Helen Forrest had big shoes to fill when Artie hired her, for she was replacing Billie Holiday. No one's really Billie's equal, but Helen was no slouch. She did not stay with Artie long, however, scarcely two years, moving on to the Benny Goodman orchestra shortly after this little film was made. In the '40s she would record with Harry James, Nat King Cole, Lionel Hempton, & similar greats. She was still singing into the early 1980s.
There's an intrusive voice-over here & there on the film. This is apparently the voice of Bill Goodwynn, narrating a text that must've embarrassed Artie, alleging that none of this jazz is written down but that great musicians always improvise as they go along.
The perfectly harmonized horn section in particular denies the narrator's insistance that "it's all impromptu."
The notion they're all just winging it is even more nonsensical than the early scenes of bandmembers materializing by magic. But can't blame the band for the narrator or his silly script.
The orchestra closes with Artie's composition "Shoot the Likker to Me John-Boy," a nice piece of hopping swing jazz with some notable solos woven in, mostly Artie's clarnet but also a fun trombone solo by Harry Rodgers, & lots of Buddy's amazing drumming.
Although the "class room" narrator again gets in the way of the aural quality, we get to hear most of it uninterupted.
This one-reel musical short would've been a lot better without the intrusions of the unseen, anonymous professor, but Artie comes through as nevertheless pretty damned great.
Behind the opening credits for Symphony of Swing (1939), Artie Shaw can be seen playing his licorice stick.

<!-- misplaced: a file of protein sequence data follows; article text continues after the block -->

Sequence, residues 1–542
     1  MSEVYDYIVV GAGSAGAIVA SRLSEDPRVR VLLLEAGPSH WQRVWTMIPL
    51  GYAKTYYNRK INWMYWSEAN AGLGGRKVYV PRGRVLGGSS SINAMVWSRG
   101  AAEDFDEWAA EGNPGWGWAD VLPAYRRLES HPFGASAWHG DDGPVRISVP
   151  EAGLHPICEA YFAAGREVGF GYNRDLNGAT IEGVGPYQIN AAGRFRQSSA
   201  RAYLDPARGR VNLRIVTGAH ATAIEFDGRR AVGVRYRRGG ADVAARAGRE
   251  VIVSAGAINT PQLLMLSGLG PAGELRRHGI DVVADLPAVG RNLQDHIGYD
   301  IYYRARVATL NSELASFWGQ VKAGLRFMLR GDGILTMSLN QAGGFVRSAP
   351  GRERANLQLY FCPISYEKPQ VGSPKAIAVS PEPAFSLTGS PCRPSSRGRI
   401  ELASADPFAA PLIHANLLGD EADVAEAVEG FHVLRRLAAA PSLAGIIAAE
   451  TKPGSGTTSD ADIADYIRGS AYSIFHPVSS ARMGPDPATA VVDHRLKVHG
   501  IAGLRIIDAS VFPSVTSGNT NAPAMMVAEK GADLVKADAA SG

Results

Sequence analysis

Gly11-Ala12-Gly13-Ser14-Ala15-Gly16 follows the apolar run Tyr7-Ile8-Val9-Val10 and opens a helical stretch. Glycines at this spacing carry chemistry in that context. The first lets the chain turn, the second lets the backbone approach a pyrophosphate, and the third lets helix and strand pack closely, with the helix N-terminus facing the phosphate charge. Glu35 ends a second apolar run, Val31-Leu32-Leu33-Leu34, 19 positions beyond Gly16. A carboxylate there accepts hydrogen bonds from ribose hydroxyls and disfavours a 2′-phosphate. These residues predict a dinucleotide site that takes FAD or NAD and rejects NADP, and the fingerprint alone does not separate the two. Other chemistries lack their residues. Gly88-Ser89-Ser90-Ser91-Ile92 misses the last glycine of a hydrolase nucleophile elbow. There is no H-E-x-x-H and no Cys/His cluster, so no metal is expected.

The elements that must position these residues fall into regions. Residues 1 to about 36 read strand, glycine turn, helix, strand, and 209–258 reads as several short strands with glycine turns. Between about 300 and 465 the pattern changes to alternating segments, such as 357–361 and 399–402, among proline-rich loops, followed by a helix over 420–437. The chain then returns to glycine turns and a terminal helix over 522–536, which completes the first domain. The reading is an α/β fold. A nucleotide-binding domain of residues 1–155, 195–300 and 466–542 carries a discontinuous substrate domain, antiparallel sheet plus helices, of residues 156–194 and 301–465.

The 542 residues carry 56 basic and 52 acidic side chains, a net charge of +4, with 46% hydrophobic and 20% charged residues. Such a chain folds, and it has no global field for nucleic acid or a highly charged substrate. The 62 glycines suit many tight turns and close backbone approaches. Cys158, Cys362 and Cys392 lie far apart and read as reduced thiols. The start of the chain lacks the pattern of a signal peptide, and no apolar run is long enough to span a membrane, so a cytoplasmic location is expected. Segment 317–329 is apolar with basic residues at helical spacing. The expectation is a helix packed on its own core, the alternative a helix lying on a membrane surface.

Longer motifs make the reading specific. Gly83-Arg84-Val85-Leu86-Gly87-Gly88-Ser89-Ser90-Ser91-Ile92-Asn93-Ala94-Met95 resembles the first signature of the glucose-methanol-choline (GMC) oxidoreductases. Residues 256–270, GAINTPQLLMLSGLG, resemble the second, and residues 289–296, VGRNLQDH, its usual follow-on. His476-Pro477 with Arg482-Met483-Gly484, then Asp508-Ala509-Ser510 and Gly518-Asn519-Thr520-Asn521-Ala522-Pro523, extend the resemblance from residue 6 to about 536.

The titles fade from the screen & there he is in close-up, his orchestra behind him, performing a slow-swing instrumental of the Howard Diez/Arthur Schwartz song "Alone Together."
The camera receeds. revealing the entire band in front of a fancy three-part window which is seen in several Vitaphone one-reelers. Buddy Rich is seated highest in the back at his drum kit.
The scene slowly shifts to a surreal arrangement of the band flanking Artie in darkness, pianist at white piano at back of stage. The band is shown serially in different attitudes & seating or standing arrangements, lots of visual variety, which gives away teh fact that it's a mimed performance, likely recorded earlier in the day.
Perhaps unintended, the mood of the shifting scenes of the band adrift in nothingness is rather eerie. The number closes back in front of the three-part window, almost exactly at the three-minute mark.
Artie briefly addresses the audience: "And now a little tune with a vocal choras by Tony Pastor." This one will be perfor4med entirely in front of the tripartate window, with no fancy edits, about a minute & three-quarters in length.
Predominantly an instrumental, they begin to play a jaunty arrangement of "Jeepers Creepers," a song that my fave when I was about six or seven years old, & which got me slapped across the face by an evil guardian who snapped, "Stop singing that!"
The Artie Shaw arrangement on this number is nothing special, but it's great fun when Tony Pastor stands up & begins to sing. He was a fine sax player who would eventually leave Artie's band to start his own successful orchestra. His vocal form seems a little influenced by Jack Teagarden, rough & lovely, an ideal voice for this number.
As soon as "Jeepers Creepers" is finished, Artie turns back to us, the audience, & says, "Presenting Miss Helen Forrest singing "Deep Purple" composed by Mitchell Parish & Peter Derose.
The band strikes up the tune, & Helen in long gown saunters out & sings the gorgeous slow-dance romantic tune:
"When the deep purple falls/ Over sleep garden walls/ And the stars begin to flicker in the sky/ Will the mist of the memory/ You wander back to me/ Breathing my name with sigh..."